It's been way too long since I've posted something, so here's a post about the various routes that have served Provo Canyon through the years.
Almost from the beginning, Provo Canyon has been one of the most important corridors in Utah. It has been used as a transportation corridor dating back to prehistoric times, when the Timpanogos Ute people used it as part of their route between the Utah Valley and Uinta Basin. Today, it contains a mostly four-lane highway connecting the cities of Provo and Heber City, and also forms part of a southeastern bypass of Salt Lake City.
There has been a road in Provo Canyon dating all the way back to 1858, when early Mormons opened a toll road through the canyon to allow for easier travel to the Heber and Kamas Valleys. About 40 years later, the Denver and Rio Grande Western Railway built a line through the canyon, branching off its mainline at Provo and running northeast to Heber.
Obviously the road has received a lot of improvements since it was first built, but even back in the 1910s it was recognized as one of the most important roads in Utah. As such, it was added to the state highway system in 1912. In 1919, when state highways were first written into Utah law, the road was designated in section O of the highway code (along with the road from Heber north to Kimball Junction). And sometime in the early 1920s, the Heber-Provo road became SR 7.
|Rand McNally, 1926.|
It didn't make the map above, but in 1923, a branch near the south end was added to the state highway system. The new branch route connected SR 7 at Olmstead (located at the mouth of Provo Canyon) to State Street in Orem (SR 1) along 800 North. At first this wasn't numbered, but when unnumbered state highways were eliminated in 1927, it became a spur of SR 7.
There were a fair amount of these relatively short spurs across the state, so in 1931, almost all of them were split off as their own route. So at that time, the spur to Orem was renumbered to SR 52 - a designation that persists today.
The south end of SR 7 was always in Provo, but not where you'd expect it based on a map today. The original terminus was right at the center of town, at the intersection of University Avenue and Center Street. The original Arrowhead Trail (and later SR 1 and US 91) crossed Provo on 300 South and Center Street, with a 3-block jog north on University Avenue - you can see the slight offset on the 1926 map above. SR 7 began at that northern turn and ran north from Provo on University Avenue.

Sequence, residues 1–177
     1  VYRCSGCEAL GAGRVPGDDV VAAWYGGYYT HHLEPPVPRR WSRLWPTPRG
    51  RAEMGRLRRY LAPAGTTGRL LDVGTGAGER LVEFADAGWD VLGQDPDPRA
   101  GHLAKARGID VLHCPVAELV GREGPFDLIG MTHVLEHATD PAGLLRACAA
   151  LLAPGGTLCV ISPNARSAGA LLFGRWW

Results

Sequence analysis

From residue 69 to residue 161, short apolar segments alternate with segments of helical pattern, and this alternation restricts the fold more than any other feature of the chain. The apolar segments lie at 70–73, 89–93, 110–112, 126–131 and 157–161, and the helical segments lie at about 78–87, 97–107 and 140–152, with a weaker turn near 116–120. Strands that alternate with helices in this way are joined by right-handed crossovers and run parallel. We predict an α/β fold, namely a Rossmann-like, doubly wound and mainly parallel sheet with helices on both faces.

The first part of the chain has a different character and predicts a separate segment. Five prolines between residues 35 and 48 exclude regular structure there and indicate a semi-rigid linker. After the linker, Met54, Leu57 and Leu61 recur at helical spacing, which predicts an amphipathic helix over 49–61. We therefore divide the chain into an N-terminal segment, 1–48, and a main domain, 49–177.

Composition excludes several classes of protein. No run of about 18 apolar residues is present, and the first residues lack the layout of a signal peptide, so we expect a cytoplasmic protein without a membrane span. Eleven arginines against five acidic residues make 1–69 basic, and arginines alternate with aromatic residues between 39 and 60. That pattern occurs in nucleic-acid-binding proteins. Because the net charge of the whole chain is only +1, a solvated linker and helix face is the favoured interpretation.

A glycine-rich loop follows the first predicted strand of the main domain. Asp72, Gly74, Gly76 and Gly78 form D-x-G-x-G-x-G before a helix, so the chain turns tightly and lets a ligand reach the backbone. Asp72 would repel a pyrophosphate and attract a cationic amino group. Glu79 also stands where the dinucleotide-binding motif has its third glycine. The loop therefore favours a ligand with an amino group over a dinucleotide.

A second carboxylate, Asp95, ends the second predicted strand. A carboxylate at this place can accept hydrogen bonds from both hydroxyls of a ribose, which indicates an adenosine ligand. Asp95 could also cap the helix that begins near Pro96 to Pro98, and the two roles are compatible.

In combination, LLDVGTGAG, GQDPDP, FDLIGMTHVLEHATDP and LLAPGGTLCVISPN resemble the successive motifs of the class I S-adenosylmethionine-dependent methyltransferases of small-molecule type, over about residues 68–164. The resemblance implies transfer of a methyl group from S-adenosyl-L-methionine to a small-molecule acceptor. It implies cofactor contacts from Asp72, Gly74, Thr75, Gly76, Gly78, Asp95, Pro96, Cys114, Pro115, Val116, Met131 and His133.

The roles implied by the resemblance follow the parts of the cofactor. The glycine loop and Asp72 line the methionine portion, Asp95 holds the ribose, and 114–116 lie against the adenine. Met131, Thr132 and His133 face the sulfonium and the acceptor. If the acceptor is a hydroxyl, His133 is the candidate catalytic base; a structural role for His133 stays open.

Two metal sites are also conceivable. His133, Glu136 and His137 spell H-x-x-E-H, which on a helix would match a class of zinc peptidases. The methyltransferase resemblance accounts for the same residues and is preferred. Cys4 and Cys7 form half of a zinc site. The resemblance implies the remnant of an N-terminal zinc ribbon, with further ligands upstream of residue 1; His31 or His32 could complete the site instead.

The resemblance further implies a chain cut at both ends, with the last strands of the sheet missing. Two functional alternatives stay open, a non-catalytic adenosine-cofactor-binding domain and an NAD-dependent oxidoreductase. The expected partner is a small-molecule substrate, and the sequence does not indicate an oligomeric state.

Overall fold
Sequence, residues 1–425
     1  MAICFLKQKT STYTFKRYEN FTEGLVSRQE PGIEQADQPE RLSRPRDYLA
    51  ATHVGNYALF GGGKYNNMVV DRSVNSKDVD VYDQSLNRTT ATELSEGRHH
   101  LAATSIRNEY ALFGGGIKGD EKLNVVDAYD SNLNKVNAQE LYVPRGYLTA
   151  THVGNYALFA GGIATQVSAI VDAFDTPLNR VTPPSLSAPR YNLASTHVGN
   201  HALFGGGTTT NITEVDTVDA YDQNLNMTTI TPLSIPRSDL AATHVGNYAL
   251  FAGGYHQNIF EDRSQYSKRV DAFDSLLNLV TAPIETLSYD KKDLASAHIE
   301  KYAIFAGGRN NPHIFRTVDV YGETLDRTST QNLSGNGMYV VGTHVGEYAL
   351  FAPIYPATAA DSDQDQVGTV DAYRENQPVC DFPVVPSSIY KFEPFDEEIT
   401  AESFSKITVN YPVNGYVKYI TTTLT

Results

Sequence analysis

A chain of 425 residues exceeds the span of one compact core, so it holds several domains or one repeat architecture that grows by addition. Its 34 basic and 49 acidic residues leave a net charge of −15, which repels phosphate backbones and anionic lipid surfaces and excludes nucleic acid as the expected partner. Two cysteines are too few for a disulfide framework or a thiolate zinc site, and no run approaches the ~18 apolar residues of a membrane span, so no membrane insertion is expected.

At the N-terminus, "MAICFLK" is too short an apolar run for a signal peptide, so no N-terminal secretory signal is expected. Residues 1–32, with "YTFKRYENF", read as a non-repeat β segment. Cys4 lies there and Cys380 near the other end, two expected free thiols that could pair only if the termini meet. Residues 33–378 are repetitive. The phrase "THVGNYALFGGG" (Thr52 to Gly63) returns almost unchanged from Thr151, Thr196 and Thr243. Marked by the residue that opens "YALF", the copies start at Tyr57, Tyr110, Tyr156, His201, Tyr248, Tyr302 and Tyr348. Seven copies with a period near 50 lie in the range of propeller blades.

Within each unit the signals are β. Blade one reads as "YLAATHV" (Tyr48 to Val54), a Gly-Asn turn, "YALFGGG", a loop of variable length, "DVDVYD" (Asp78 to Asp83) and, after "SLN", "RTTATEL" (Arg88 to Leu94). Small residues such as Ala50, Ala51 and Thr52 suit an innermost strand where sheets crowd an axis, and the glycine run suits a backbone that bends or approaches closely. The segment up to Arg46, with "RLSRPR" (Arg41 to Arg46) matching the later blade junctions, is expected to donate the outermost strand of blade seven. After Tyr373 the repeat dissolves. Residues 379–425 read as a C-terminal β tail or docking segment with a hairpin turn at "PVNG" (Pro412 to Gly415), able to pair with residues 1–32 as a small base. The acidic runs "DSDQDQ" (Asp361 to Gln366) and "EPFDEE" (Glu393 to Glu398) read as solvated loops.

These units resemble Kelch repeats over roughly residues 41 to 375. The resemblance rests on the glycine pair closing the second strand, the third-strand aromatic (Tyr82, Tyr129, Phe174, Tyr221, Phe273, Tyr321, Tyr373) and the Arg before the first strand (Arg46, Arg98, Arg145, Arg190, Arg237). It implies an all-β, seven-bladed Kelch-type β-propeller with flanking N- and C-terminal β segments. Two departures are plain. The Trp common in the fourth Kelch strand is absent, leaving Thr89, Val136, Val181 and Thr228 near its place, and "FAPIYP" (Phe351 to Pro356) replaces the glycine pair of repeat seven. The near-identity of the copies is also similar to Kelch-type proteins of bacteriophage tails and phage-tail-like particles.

In the late 1930s, a major dispute occurred between Utah and Wyoming over the routing of an extended US 89. I'll discuss this dispute more in a future post, but one of the outcomes of that dispute was that a new US 189 was created from US 91 and newly-extended US 89 in Provo northeast through Heber and into Wyoming towards Evanston. With this creation, SR 7 ceased to be a signed route, becoming simply a legislative designation for US 189.
Below is my understanding of the US routes and corresponding legislated state routes in the Provo area immediately after US 189 was commissioned.
As that map shows, US 189 was not entirely consistent with SR 7 due to a US 91 realignment in Provo in the 1930s. By the time US 189 was created, US 91 had been moved off of Provo's Center Street and onto 500 West and 300 South...but this route was internally referenced as SR 177, and SR 1 was kept on the old alignment. So SR 7 ended at Center Street, where it met SR 1, but US 189 probably extended three blocks further south so that it could end at US 89/91.
This US 91 realignment off SR 1 was very similar to one that occurred in Salt Lake City at about the same time - and in that case, the bypassed section of SR 1 became Alternate US 89/91. Unfortunately, detail maps from that far back are a bit more scarce for Provo than they are for SLC, so I can't confirm whether this also happened in Provo. If it was the case, potentially US 189 may have still ended at Center Street for a while, with the Alternate routes covering the last few blocks...or 189 may have even had a concurrency with the Alternates...or the Alternates may have only existed on the Center Street portion...or they may have never existed at all, with Center Street just signed as SR 1. I won't speculate further on the alternates or Center Street here, but I'm inclined to think that regardless of whether or not they existed, US 189 would have been signed all the way through to 300 South so that it could connect with the mainline of its "parent" route, US 89.
North of Provo, US 189 followed (and still follows) the SR 7 corridor all the way to Heber, but a few realignments have happened. The original SR 7 closely followed the Provo River through Provo Canyon up to Charleston, and the Charleston bypass did not exist. SR 7 passed through town on what is now SR 113 and 3600 South before continuing its northeastward route to Heber:
|US Census, 1940.|
That changed with the construction of Deer Creek Dam on the Provo River, about halfway between Charleston and Wildwood (the location of the modern SR 92 junction). The dam created a reservoir that flooded much of SR 7, so a new alignment was built along the south side of the new lake. US 189 was probably never signed on the old road underneath the reservoir, but it's unclear whether the new road on the south side opened before US 189 was created. If it was, it would have been signed SR 7 for a year or so before that became a hidden designation.